But when a Barcelona player wins the ball, he doesn’t try for a splitting pass. The club’s attitude is: he has won the ball, that’s a wonderful achievement, and he doesn’t need to do anything else special. All he should do is slot the ball simply to the nearest teammate. Barcelona’s logic is that in winning the ball, the guy has typically forfeited his vision of the field. So he is the worst-placed player to hit a telling ball.

    This means that Barcelona don’t rely on the element of surprise. They take a few moments to get into formation, and then pretty much tell their opponents, “OK, here we come.” The opposition knows exactly what Barça are going to do. The difficulty is stopping it.

    The only exception to this rule is if the Barça player wins the ball near the opposition’s penalty area. Then he goes straight for goal.

    6. Possession is nine-tenths of the game

    Keeping the ball has been Barcelona’s key tactic since Cruijff’s day. Most teams don’t worry about possession. They know you can have oodles of possession and lose. But Barcelona aim to have 65 or 70 per cent of possession in a game. Last season in Spain, they averaged more than 72 per cent; so far this year, they are at about 70 per cent.
    The logic of possession is twofold. Firstly, while you have the ball, the other team can’t score. A team like Barcelona, short on good tacklers, needs to defend by keeping possession. As Guardiola has remarked, they are a “horrible” team without the ball.

    Secondly, if Barça have the ball, the other team has to chase it, and that is exhausting. When the opponents win it back, they are often so tired that they surrender it again immediately. Possession gets Barcelona into a virtuous cycle.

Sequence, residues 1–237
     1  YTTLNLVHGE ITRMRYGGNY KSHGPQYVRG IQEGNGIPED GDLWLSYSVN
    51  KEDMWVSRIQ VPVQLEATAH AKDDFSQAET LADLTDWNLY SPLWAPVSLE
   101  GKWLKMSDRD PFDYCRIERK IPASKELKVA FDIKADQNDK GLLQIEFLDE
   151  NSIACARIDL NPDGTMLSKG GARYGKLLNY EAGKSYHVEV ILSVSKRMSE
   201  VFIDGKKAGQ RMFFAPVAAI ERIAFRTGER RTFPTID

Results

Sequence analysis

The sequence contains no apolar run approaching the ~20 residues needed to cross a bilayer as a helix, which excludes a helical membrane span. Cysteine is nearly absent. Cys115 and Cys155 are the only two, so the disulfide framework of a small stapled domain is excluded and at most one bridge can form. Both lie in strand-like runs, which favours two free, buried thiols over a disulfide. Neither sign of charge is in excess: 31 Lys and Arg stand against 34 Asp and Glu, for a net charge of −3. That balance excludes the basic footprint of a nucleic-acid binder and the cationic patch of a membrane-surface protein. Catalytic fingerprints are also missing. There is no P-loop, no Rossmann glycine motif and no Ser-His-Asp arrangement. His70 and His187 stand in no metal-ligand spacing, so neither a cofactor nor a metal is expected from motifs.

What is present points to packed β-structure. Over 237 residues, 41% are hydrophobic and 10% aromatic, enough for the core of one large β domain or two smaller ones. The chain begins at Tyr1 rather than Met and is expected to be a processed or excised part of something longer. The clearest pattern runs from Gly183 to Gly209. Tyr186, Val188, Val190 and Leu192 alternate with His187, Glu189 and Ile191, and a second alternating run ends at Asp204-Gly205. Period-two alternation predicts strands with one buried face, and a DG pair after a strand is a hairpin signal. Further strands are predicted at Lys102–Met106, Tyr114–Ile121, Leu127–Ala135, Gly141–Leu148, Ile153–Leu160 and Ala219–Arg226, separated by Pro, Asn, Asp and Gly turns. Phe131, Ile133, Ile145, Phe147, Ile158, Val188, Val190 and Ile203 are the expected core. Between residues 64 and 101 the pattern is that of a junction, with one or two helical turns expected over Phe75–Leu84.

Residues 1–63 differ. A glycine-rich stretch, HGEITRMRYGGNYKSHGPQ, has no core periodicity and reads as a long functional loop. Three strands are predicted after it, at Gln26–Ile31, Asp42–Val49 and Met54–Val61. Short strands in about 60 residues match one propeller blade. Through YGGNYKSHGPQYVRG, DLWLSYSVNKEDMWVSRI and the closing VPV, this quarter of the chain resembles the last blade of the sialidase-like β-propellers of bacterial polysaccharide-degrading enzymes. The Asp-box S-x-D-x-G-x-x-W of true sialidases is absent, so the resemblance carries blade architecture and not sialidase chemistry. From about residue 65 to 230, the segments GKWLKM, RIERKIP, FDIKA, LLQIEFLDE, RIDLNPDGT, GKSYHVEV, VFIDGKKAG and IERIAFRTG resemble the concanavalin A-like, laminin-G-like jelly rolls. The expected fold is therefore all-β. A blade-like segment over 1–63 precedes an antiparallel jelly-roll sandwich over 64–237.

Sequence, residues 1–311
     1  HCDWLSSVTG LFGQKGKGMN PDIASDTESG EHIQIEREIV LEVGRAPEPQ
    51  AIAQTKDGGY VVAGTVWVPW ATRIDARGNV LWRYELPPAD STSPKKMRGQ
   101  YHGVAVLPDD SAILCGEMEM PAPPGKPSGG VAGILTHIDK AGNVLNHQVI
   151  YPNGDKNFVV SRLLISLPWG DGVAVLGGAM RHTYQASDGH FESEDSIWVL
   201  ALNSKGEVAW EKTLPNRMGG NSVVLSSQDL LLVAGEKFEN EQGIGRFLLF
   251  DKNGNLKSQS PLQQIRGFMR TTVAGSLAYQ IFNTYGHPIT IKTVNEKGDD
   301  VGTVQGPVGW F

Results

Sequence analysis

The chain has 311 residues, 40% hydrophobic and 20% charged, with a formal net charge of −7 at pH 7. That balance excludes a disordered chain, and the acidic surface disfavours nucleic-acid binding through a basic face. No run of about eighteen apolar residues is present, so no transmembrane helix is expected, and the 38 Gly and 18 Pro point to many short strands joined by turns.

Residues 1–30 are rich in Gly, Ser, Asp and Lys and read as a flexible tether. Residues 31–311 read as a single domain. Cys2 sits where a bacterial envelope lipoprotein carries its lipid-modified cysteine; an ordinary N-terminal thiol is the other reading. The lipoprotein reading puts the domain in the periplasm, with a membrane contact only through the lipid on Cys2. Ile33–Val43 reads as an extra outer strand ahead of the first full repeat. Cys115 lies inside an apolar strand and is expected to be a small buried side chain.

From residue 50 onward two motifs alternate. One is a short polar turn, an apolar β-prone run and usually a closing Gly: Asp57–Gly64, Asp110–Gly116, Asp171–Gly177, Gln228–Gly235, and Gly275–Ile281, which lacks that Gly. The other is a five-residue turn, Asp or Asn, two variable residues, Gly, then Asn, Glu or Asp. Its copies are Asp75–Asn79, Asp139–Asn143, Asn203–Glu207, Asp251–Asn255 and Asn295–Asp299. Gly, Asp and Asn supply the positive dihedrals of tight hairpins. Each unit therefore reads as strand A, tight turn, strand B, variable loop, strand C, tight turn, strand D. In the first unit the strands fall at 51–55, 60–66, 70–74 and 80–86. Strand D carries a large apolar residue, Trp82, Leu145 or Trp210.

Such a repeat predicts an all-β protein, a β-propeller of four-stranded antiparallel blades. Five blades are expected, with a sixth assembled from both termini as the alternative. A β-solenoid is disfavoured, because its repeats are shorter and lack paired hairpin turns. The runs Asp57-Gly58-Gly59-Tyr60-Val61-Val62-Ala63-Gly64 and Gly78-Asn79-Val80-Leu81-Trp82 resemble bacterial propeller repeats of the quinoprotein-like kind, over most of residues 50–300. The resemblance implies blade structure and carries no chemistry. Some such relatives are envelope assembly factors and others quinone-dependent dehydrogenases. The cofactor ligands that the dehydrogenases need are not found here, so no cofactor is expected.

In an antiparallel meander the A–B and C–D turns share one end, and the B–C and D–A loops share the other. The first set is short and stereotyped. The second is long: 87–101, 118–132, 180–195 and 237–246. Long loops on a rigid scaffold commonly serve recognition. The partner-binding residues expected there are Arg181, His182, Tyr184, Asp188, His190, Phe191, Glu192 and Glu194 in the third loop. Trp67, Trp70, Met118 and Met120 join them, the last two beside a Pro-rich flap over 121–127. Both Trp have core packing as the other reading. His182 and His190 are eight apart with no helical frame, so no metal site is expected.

Barça are so fanatical about possession that a defender like Gerald Pique will weave the most intricate passes inside his own penalty area rather than boot the ball away. In almost all other teams, the keeper at least is free to boot. In the England side, for instance, it’s typically Joe Hart who gives the ball away with a blind punt. This is a weakness of England’s game, but the English attitude seems to be that there is nothing to be done about it: keepers can’t pass. Barcelona think differently.

    Jose Mourinho, Real Madrid’s coach and Barcelona’s nemesis, has tried to exploit their devotion to passing. In the Bernabeu in December, Madrid’s forwards chased down Valdes from the game’s first kickoff, knowing he wouldn’t boot clear. The keeper miscued a pass, and Karim Benzema scored after 23 seconds. Yet Valdes kept passing, and Barcelona won 1-3. The trademark of Barcelona-raised goalkeepers – one shared only by Ajax-raised goalkeepers, like Edwin van der Sar – is that they can all play football like outfield players.

    7. The “one-second rule”